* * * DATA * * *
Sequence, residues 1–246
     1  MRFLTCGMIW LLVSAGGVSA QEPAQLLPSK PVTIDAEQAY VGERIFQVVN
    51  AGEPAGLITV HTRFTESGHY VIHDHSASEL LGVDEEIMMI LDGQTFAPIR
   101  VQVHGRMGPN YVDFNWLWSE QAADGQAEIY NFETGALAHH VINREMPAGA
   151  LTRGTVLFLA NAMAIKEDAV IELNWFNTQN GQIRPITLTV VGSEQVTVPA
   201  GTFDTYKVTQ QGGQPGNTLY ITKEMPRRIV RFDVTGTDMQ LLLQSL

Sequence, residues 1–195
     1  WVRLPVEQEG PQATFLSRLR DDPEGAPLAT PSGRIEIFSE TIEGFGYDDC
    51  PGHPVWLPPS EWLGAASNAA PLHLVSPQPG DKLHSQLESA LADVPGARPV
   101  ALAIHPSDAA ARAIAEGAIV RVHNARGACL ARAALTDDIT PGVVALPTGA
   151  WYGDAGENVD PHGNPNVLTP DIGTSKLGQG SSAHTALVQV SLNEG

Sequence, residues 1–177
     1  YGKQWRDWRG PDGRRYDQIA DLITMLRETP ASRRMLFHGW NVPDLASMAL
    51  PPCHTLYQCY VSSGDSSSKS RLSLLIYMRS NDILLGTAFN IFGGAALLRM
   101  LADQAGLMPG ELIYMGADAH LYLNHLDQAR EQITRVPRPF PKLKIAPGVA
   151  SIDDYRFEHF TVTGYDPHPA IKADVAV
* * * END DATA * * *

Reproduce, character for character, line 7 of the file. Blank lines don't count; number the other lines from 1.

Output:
Sequence, residues 1–195